From my point of view, Jessica’s storyline is a polarizing one. Her disapproval of Santa lacking a degree from a university, specifically from the engineering field, is perpetuating a damaging stereotype. Yes, people may laugh and only consider the comical story of Jessica taking the legend of Santa too seriously, but with the model minority myth still strongly believed in society today, the direction she went with rewriting Santa’s story only reinforces it, especially when she later tells Evan that he is Chinese.

On the other hand, having Jessica say that Santa is Chinese also sheds light on a subject that’s not as thoroughly discussed. Why does Santa always have to be white? While one may argue that it’s because he hails from European folklore, considering the number of people of different ethnicities who celebrate Christmas, it’s wise to consider the possibility that it doesn’t always take a white man to be Santa (as Jessica proves near the end of the episode). Through this lie, she provides an opportunity for Evan to see how someone of his race can bring holiday cheer to children all over the world.

Meanwhile, Emery has put together a wonderful gift for Jessica for Christmas by creating his own replica of the bakery missing from Jessica Town. However, when Honey presents her a bakery that she found, the poor boy it stooped as he doesn’t know what to give to her with only days left until Christmas. He turns to Eddie, who doesn’t have a gift yet for Jessica, for guidance. Much to Emery’s dismay Eddie suggests to keeps it chill by taking “action with inaction.” Eddie eventually churns out a poem that he suggests can be from both of them and Emery makes it look presentable by rewriting it on a scroll. However, when he realizes that the poem wasn’t Eddie’s handy work but rather the lyrics to Tupac Shakur’s “Dear Mama,” Emery is at a roadblock again over what to give his mom. Fortunately for him, and as predicted by Eddie, it all works out in the end.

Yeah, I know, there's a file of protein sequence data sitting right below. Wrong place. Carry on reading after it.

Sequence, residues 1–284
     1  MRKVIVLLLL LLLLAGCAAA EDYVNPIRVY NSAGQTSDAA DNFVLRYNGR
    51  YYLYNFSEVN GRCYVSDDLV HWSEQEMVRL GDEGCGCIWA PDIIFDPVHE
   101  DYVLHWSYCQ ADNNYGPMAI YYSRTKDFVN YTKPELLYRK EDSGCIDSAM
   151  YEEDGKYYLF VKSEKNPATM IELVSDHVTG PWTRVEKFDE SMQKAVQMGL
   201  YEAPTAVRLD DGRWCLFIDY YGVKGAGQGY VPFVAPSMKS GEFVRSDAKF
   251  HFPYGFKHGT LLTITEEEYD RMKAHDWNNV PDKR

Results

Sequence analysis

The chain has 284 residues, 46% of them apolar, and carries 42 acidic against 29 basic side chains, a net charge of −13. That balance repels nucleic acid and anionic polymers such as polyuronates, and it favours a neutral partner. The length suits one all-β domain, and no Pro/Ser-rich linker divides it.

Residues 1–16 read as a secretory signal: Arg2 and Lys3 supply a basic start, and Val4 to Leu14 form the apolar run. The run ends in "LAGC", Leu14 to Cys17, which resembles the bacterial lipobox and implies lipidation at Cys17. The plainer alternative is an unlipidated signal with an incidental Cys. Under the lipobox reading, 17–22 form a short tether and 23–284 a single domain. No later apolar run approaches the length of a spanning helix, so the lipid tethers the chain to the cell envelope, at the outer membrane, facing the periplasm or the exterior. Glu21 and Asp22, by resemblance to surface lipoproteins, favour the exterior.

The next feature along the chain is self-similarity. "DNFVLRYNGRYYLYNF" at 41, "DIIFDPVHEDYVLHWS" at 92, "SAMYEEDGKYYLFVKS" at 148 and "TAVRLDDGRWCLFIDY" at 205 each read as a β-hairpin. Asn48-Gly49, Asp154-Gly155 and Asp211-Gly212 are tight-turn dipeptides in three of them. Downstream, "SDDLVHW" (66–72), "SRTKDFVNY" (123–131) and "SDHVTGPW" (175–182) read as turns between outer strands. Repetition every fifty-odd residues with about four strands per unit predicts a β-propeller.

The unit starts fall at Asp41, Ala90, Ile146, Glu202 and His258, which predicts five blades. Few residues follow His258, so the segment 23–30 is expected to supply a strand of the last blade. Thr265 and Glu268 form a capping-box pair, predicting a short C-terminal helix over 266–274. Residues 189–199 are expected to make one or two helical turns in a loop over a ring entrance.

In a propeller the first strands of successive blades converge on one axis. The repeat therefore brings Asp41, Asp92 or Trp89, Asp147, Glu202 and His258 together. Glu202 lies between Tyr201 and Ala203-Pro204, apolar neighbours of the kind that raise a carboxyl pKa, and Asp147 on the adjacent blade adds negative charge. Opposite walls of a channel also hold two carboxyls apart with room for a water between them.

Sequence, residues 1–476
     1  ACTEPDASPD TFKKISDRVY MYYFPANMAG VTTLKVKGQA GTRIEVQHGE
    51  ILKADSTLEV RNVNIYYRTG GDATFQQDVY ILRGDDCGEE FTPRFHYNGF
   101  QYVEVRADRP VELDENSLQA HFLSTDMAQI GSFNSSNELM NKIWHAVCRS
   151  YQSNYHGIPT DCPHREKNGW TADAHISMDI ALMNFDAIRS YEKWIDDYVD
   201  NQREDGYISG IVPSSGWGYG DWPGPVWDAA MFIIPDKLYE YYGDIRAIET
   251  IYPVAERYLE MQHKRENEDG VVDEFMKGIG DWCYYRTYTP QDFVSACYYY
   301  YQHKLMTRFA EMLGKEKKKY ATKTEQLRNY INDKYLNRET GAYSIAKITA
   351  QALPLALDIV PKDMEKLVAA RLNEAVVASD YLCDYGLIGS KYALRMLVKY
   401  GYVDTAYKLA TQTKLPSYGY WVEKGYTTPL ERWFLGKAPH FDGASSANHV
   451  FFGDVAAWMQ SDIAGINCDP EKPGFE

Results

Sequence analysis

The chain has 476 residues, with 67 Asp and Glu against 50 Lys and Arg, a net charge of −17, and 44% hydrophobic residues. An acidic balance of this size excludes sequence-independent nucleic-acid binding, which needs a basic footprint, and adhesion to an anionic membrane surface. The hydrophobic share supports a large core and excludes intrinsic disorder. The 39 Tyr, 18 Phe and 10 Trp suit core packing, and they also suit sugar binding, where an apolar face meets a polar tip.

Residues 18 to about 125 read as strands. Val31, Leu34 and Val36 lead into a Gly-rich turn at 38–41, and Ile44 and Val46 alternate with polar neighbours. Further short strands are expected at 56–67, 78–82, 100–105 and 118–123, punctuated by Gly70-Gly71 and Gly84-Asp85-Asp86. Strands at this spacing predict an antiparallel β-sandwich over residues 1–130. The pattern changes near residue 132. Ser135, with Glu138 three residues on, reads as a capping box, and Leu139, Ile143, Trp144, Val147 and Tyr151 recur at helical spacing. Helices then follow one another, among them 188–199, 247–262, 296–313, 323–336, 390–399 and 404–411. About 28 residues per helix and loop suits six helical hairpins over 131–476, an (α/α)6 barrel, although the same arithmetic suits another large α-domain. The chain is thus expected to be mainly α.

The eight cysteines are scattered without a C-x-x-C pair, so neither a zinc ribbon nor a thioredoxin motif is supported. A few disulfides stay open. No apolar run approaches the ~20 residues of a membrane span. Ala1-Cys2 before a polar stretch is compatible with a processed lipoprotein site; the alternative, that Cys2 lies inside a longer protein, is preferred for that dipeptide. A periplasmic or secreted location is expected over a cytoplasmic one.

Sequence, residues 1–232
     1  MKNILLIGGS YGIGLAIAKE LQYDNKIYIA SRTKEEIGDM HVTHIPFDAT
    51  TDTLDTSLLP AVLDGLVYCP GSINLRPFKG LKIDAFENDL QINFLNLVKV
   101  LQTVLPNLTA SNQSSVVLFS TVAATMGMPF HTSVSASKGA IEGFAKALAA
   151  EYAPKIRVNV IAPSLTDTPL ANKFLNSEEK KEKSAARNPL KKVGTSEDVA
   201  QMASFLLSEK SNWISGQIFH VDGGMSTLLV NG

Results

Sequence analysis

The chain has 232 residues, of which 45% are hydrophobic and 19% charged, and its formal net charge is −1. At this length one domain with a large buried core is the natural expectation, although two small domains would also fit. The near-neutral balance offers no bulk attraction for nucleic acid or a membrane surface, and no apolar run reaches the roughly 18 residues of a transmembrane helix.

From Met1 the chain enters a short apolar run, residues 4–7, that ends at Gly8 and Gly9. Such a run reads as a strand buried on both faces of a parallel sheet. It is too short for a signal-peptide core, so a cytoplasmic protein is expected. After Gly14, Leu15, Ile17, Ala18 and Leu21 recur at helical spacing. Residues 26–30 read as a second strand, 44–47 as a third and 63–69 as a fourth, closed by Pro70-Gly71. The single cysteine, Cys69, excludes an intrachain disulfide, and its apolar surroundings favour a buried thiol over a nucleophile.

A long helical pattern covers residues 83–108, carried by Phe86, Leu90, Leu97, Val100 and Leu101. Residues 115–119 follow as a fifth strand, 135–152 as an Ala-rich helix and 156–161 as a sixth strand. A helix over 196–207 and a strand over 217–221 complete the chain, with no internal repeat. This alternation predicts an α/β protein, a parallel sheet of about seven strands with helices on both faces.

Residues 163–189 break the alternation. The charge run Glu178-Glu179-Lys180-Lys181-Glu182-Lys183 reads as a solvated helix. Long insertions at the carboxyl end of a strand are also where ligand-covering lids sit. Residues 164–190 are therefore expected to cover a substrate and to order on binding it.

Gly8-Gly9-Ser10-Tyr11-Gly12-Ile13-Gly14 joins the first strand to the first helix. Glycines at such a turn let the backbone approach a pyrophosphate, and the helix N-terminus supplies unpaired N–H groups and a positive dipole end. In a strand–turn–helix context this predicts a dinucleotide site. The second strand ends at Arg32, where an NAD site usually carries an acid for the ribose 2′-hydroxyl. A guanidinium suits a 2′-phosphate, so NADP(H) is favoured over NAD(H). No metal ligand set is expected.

It’s uncommon to see just Emery and Eddie together in a storyline for a whole episode. It was hilarious to see just how opposite their personalities are as their ideologies collided over strategizing gift ideas for Jessica. My only complaint was that due to their plot not being as big as Jessica’s, we didn’t really get to see too much of them together. Hopefully we’ll get a larger story with them in the future, for actors Hudson Yang and Forrest Wheeler work really well together.

I was also psyched to see that Eddie is a Tupac fan. From the minute we were introduced to him in the first season, I was always curious as to whether or not he was, given his love for rap music. I was able to pick up on Eddie’s admiration for Tupac the minute he read “his” poem and not later when Emery saw Grandma watching the “Dear Mama” music video.

This episode of Fresh Off the Boat nicely concludes the show’s first full year on the air. The second season continues when the next episode airs on February 2, 2016. Until then, Happy Holidays everyone!


Cover Image: ABC/Kelsey McNeal

Sia’s “Alive” Music Video Spots New Wunderkind in Japanese Martial Artist

Over a year after the release of her sixth album, 1000 Forms of Fear, Australian singer-songwriter Sia is back with a new album underway. With her seventh album, This Is Acting, set for release on January 29, 2016, she’s already beginning to promote it with the release of three of its tracks and on November 5th, she released the music video for the lead single, “Alive.”

Similar to her previous music videos, Sia is nowhere to be seen as we are instead treated to a choreographed piece performed by a child in the trademark bob wig. Unlike the previous music videos, the one for “Alive” has martial arts rather than a dance routine, and instead of 13-year-old dancer Maddie Ziegler, it’s 9-year-old Japanese karate star Mahiro Takano who dons the bob.

All focus is on young Takano who appears to be alone in an empty room. She is meditating and stirring tea at the beginning of the video, and then performs a number of moves as Sia is heard belting out the song. Conceptually, the video is an interesting take on a song about overcoming struggles and becoming a fighter, especially in the parts where she looks as if she’s sparring an invisible opponent.